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US Naval Construction Battalion NMCB-1 (US Navy Seabees) marching in route.
370th Infantry Regiment, US Army, in route-step march toward the mountains north of Prato, Italy, (the Gothic Line) – April 1945.

Marching refers to the organized, uniformed, steady walking forward in either rhythmic or route-step time; and, typically, it refers to overland movements on foot of military troops and units under field orders.[1] Marching is often performed to march music and is typically associated with military and civilian ceremonial parades. It is a major part of military basic training in most countries and usually involves a system of drill commands.

Purpose

It is said that many ancient empires first developed marching as a way to move troops from one place to another without them getting mixed up with other troops.[2] A soldier learning to march to drum cadences, martial music and shouted commands is considered an essential element of teaching military discipline.

In the United States Marine Corps, close order drill is used to promote exercise, obeying orders, discipline, morale, confidence, and leadership.[3]

Military paces

In the military venue there are various rhythmic military steps or standard paces. One step occurs on each beat. A pace is the length of one step, assumed to be 75 cm or 30"; (not to be confused with the ancient Roman unit of length (2 steps or 5 Roman feet = 148 cm or 58")). The three most common paces are:

Some paces specific to particular units include:

Techniques

Marching techniques vary across military steps, countries, branches of military, and context. For rhythmic marching, individuals must maintain their dress, cover, interval, and distance (DCID):

For mechanical efficiency, opposite arms usually swing with each leg while marching. British and Commonwealth armed forces keep their arms straight and swing the hand as high as the shoulder while forward and in theory to the level of the belt when backward. US Marines swing the arm six inches to the front and three inches to the rear while[7] US Army Soldiers swing the arm nine inches to the front and six inches to the rear. Some European armies bend the arm during the swing. Many believe these differing practices help maintain rhythm for long route marches. US troops usually march long distances at "route step" which does not require them to maintain a specific pace or length of step. Some South American and Eastern European countries march on parade with the stiff leg earlier famous as the "goose step" of German troops. German and Scandinavian military bands and units swing with only the right arm, 90 degrees straight out. Some troops (like the Royal Swedish Lifeguard) swing with their left arm. This is because they carry their rifle in their right arm. [citation needed] The Royal Marines refer to a long distance march carrying full kit as a yomp. The most famous yomp of recent times was during the 1982 Falklands War. [citation needed]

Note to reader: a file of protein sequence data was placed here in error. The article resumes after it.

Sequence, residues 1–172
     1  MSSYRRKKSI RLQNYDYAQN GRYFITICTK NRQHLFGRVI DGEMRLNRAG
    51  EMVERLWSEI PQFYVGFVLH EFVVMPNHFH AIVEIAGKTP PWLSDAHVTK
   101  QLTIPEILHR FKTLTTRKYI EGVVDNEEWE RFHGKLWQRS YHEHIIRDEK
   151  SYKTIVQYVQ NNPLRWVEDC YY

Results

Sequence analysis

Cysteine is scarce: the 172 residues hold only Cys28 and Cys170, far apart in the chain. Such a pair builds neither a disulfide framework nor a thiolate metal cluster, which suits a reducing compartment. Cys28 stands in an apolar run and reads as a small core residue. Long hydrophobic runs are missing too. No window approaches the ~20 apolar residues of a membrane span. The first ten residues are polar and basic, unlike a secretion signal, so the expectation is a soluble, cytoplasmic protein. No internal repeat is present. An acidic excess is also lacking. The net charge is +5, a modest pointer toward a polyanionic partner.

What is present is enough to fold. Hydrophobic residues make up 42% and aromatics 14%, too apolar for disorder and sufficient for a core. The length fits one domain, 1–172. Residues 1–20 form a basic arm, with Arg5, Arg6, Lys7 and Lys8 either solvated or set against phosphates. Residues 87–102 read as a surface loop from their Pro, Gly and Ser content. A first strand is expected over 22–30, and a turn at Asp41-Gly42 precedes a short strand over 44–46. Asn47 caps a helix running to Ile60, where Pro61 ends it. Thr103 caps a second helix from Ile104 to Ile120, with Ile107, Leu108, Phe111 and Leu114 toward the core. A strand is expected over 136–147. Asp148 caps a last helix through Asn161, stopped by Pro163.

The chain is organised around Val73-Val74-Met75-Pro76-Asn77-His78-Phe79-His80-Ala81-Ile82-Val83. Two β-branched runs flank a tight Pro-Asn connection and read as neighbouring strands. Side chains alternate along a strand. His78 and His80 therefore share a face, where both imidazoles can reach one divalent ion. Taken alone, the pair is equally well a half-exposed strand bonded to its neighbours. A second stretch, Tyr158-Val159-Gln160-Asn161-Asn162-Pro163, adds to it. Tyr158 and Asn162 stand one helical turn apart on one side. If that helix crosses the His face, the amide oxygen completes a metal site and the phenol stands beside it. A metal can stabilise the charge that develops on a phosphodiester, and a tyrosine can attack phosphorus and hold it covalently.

Parades

For some people, marching is a major provocative ritual. In Northern Ireland, for example, hundreds of marches occur annually. These are usually organized by groups such as the Orange Order, which provide most of the participants. Music is provided by marching bands including silver bands, flute bands and others. Marching is often seen as a symbol of control over a particular area, and marching is often seen as a sectarian activity.[8]

Marching is often used - in the UK at least - during Armistice Day as a show of respect to those who fell during all wars and is done at the "slow march" from a pre-defined meeting place to the cenotaph. The march usually consists of Active Duty and Retired Military Personnel, Cadet Corps, Relatives and volunteer civilians.

See also

References

  1. ^ "March Definition & Meaning | Britannica Dictionary". www.britannica.com. Retrieved 2023-12-06.
  2. ^ Military.com (2021-03-31). "The Importance of Drill". Military.com. Retrieved 2022-03-11.
  3. ^ Marine Corps Drill and Ceremonies Manual (PDF).
  4. ^ "RAF Drill and Ceremonial", AP818. Available at e.g. https://www.200sqn.co.uk/resources/files/AP818-Condensed.pdf
  5. ^ "Royal Navy Ceremonial and Drill", BRd 1834. Available at https://www.whatdotheyknow.com/request/a_copy_of_the_royal_navy_drill_m/response/1614088/attach/3/brd%201834%20book%201.pdf?cookie_passthrough=1
  6. ^ a b "The Drill Manual", Army Code No 70166. Available at https://assets.publishing.service.gov.uk/media/5acf2fb740f0b617df33589e/2018-03287.pdf
  7. ^ MARINE CORPS ORDER P5060.20
  8. ^ Dominic Bryan (2000). Orange Parades: The Politics of Ritual, Tradition and Control. Pluto Press. ISBN 0-7453-1413-9.